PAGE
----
capture the flag, hacking, web application security

PicoCTF 2017 – What Is Web

Another day, another challenge.

In today’s blog post we are solving the challenge, “What Is Web” from the PicoCTF challenge.

Let’s start!

Clicking on the challenge we see:


OK, so we need to find out how to use HTML.

Looking at the hints we see:

Clicking on the website we see:

PicoCTF_What_Is_Web_3Doing a right click, view source we see:


At the bottom of the screen in the green letters (which are comments that are not displayed in the browser) show that we have the first part of the flag.

Now we need to find the second and third part of the flag.

Looking back at the page source we see two different files that are referenced: hacker.css and script.js

Let’s look at hacker.css first and see what’s there.

Going to that file we see the second part of the flag at the top of the browser:


Now let’s look at the script.js file and see if we can find the final part of the flag…

Going to the script.js file we see:


We now have the three parts of the flag!

Combining the parts together and submitting the flag, we’ve acquired 20 points!

capture the flag, hacking, web application security

InfoSec Institute Challenge #12

Another day, another challenge.

Today’s challenge is coming from the InfoSec Institute.

Going to the following link we see the following:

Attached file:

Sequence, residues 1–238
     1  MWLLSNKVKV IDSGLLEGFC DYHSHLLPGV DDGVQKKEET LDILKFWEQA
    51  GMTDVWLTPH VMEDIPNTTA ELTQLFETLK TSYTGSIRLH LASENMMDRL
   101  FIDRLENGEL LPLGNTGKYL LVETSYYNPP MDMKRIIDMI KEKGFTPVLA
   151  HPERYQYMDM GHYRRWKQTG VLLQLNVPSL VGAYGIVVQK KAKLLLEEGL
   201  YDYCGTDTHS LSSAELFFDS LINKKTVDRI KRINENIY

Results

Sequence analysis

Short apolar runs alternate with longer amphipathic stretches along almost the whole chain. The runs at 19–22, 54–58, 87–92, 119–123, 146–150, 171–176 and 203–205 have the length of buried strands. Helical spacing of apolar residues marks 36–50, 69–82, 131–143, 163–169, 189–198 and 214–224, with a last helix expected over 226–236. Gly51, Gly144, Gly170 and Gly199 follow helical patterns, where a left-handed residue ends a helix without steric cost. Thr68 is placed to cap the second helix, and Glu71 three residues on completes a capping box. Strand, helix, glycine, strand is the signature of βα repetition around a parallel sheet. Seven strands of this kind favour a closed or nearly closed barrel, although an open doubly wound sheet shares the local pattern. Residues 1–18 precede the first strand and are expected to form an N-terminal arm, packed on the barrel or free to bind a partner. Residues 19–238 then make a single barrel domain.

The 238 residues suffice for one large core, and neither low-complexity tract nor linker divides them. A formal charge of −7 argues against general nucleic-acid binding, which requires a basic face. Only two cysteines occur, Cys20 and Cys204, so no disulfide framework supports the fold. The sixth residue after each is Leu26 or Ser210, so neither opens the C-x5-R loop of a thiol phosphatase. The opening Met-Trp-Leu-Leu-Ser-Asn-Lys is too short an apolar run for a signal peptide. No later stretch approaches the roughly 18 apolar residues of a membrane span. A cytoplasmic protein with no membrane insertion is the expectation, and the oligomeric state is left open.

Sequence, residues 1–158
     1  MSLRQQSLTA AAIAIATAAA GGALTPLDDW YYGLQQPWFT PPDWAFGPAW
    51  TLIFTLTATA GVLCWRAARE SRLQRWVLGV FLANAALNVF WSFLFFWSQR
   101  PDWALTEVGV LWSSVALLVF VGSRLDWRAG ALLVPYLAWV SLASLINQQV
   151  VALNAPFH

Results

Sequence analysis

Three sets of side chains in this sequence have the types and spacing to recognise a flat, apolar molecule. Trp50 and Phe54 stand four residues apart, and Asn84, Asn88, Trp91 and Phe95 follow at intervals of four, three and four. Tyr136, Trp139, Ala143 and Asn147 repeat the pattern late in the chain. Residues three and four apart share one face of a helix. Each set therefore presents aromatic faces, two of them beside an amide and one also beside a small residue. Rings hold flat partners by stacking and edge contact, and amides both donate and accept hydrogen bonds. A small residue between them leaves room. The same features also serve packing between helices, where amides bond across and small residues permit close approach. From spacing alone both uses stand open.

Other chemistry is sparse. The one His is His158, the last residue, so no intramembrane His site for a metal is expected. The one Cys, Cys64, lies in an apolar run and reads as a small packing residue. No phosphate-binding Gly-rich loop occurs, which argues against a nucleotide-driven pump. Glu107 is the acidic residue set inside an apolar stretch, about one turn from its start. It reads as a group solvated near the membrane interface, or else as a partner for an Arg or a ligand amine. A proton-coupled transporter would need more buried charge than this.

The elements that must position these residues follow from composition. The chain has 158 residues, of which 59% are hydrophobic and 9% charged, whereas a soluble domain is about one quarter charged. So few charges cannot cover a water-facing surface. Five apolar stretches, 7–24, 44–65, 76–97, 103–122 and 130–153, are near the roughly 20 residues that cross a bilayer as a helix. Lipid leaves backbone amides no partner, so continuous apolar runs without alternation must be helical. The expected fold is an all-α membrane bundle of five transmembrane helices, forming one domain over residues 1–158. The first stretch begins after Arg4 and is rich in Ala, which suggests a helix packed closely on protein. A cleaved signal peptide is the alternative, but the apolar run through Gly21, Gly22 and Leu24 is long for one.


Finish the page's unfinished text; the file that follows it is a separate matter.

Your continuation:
Doing a right click, view page source we see the following:


We noticed there’s an extra CSS (Cascading Style Sheets).  Let’s see what’s in this file.

Going to the file we see the following:


Hmm… this looks interesting. Knowing a thing or two about CSS, the colors are represented in hex (hexadecimal, base 16) form. More can be found here.

I’m thinking this is the actual flag, but it’s just encoded.

Using out knowledge from other challenges, let’s try base64 decoding, since it has worked before.

Going to the link here, and typing in the encoding we get the following:


Our decoding wasn’t successful. This encoding is not base64.

Going back to the challenge, we know that CSS uses hexadecimal to represent colors.

Maybe the encoding is in hexadecimal form.

Going to Google and typing in “converting hexadecimal to text” we get the following link.

Putting our encoding in the text box and changing the decoding to “hexadecimal to text” we get the following:


We found the flag!

Lessons learned:

Attention to detail! We noticed that there was another file when we did the right click, view page source. Going to that page we noticed that there was encoding. We first tried base64 which did not work. Going back to the drawboard on how CSS works, we know the colors are represented in hexadecimal. Doing a Google search of hexadecimal to text we were able to find the flag.